"We are living like in an earthquake. We're facing enormous economic problems, including a failing banking system. Since the protests began, many more people have lost their jobs, and now some are getting only half of their salary. This has a huge impact on families.
"NGOs from around the world have been taking care of the Syrian refugees in Lebanon, and this is appreciated. Now, with the new situation, will they consider helping the Lebanese people as well?
"Because of the economic crisis, Christians are facing the question of emigration, of looking for a better way of life. There's a risk of losing the young generation: they don't want to stay in Lebanon. There are too many question marks about the country's future.
"The Church in Lebanon is going to face hard times as it has to care for more and more needy people. Church institutions-schools, universities and hospitals-are already experiencing serious difficulties. People cannot afford to pay tuition or medical bills. We don't want to make difficult decisions like closing schools. Historically, Catholic schools in Lebanon have served Muslim and Druze students as well. Like Catholic universities, they are places of coexistence where young people can experience the culture of living together.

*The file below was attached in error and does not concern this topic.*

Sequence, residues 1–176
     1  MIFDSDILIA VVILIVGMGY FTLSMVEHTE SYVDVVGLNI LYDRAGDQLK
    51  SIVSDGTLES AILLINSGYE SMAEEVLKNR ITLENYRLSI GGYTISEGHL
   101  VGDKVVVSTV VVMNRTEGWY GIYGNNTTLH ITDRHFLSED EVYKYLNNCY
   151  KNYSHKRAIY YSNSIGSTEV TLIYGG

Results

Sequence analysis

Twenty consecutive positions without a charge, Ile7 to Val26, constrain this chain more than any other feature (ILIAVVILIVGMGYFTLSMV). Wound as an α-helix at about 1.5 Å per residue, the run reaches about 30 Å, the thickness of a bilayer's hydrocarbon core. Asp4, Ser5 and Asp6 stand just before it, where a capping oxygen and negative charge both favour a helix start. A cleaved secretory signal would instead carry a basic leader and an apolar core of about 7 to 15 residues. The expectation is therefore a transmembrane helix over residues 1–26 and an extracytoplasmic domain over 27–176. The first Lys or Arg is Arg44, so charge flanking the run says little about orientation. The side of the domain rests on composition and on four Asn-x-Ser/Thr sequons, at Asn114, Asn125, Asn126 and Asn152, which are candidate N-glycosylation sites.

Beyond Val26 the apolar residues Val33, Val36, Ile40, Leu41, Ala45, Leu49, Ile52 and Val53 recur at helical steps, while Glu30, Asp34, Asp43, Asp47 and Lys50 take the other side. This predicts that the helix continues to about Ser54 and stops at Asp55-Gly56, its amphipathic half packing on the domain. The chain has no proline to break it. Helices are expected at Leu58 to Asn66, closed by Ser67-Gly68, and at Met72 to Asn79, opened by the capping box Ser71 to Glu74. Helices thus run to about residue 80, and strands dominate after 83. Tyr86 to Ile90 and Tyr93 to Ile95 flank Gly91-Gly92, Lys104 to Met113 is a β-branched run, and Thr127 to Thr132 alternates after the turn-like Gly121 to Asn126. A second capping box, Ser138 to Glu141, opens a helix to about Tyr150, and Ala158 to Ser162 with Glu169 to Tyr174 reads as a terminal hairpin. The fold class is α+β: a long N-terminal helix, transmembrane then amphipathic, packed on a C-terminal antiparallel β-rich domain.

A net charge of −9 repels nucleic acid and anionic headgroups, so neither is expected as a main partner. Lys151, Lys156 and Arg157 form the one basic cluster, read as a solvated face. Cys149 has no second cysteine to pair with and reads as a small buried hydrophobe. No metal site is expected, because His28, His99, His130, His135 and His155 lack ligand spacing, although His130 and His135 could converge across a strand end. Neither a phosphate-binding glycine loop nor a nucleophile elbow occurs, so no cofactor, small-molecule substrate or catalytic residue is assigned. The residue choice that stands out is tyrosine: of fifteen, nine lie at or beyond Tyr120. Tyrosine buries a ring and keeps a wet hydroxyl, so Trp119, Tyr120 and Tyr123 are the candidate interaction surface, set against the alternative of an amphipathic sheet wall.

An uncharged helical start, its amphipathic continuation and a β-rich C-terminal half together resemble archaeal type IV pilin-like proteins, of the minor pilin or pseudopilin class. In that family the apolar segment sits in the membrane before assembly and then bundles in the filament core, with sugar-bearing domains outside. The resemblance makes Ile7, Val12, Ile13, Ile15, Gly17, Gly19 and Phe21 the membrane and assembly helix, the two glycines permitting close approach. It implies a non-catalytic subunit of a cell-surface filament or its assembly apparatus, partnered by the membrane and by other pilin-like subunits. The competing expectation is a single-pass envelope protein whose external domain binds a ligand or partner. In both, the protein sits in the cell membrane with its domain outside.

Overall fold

"For the first time I see Lebanese from many confessions, many religions, united and trying to put sectarianism aside. It's beautiful. However, Church leaders have urged the demonstrators to carry out all their movements peacefully.
"The Church supports the people who are asking for an end to corruption, to have ministers who are experts in their domains and who would take measures to stop all forms of corruption. We hope a new government will be formed soon.
"Throughout this ordeal, Jesus is with us and He will not leave us. We pray and hope to soon see the light at the end of this dark tunnel."